In a paper released last week in Science, researchers shared how they used Planet satellite data, combined with eye witness accounts, video on the ground, and other remote sensing datasets, to determine the cause of the massive debris flow that cascaded through valleys in Chamoli, Uttarakhand, India on February 7, 2021. The event killed dozens, with over 150 more missing. Two hydroelectric power stations experienced over $223 million in damage as the landslide made its way downslope, scouring rock and flattening forests. Planet’s satellites captured imagery that revealed critical information about what triggered this devastating event.
Based on seismic measurements on the ground, the landslide began at 4:51 UTC, traveling down the valley at nearly 60 meters (~200 feet) per second. Initial news reports stated that a glacier outburst flood triggered by a collapsing glacier was to blame. However, an international team of landslide experts led by Dr. Dan Shugar at the University of Calgary was able to quickly prove otherwise using PlanetScope imagery. Accessing imagery through Planet’s Education and Research Program, the team downloaded and analyzed imagery within hours of the landslide occurring—making news the very same day.
Planet’s Dove satellites passively image Earth’s entire landmass on a near-daily basis and were therefore able to capture imagery of disaster areas without the need for tasking. A Dove satellite passed over Chamoli at 5:01 UTC, a mere 10 minutes after the landslide began. Then, 27 minutes later, another Planet satellite imaged the same area, capturing the dynamics of the landslide in motion. Shugar’s team coordinated with Planet to rapidly acquire high-resolution SkySat imagery of the affected areas within hours. By analyzing these images, combined with eye witness accounts and video on the ground and other remote sensing datasets, Shugar and team were able to determine that the cause of the landslide was actually a massive rockfall at a location called Ronti Peak—one of the largest rockfalls ever recorded, collapsing from a height of about 3400 meters. Glacial meltwater, heavy rainfall in the preceding days, and water released from the hydroelectric power stations may have all contributed to the unusually high speed and mobility of the landslide as it progressed through the valleys.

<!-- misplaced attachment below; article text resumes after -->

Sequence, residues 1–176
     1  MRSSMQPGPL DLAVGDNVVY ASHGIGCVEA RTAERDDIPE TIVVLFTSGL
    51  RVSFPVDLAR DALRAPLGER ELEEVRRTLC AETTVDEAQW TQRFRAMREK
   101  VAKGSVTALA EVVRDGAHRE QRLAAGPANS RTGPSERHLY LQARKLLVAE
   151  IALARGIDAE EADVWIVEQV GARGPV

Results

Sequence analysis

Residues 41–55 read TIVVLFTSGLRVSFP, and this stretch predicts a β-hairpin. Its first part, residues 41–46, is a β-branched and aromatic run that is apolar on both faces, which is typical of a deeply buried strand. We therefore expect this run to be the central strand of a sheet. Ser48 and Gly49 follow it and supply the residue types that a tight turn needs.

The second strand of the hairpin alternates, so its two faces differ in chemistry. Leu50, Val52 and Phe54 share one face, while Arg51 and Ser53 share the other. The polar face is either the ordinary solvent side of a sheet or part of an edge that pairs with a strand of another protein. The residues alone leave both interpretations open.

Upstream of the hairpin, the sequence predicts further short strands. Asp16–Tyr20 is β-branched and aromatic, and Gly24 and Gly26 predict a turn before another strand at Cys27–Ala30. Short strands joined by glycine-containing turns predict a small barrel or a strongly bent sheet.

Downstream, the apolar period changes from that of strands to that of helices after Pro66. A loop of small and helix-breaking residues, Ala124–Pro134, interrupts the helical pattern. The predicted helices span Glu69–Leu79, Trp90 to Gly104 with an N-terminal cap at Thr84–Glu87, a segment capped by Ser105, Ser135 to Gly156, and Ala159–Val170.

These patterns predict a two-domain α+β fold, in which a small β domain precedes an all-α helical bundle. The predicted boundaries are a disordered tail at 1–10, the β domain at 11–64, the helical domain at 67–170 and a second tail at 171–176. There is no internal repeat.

“Although we cannot attribute this individual disaster specifically to climate change, the possibly increasing frequency of high-mountain slope instabilities can likely be related to observed atmospheric warming and corresponding long-term changes in cryospheric conditions (glaciers, permafrost),” Shugar and team note in their paper.
The pace at which this research was conducted was striking: four months from the date the landslide occurred to the date the paper was published. A team of over 50 scientists across fourteen countries mobilized to make this happen. “It was a pretty amazing experience to work with the very best in the field, and from all around the world,” Shugar says. “At nearly every hour of the day for a month, someone was working on some aspect.”
Early warning systems, combined with education on risks and actions to take in the event of an emergency, could help to save lives in landslide-prone areas like the Himalayas. “Videos of the event, including ones broadcast on social media in real time, showed that the people directly at risk had little to no warning,” Shugar and his team said. However, analyzing older satellite imagery, they found visible evidence of the slope that eventually failed and triggered the landslide had been moving since at least 2016—an early warning sign of the devastation to come. Monitoring for the signs of slope instability with satellite imagery can play a key role in taking preventative measures and deploying warnings to those in the potential path of danger, helping to save lives.
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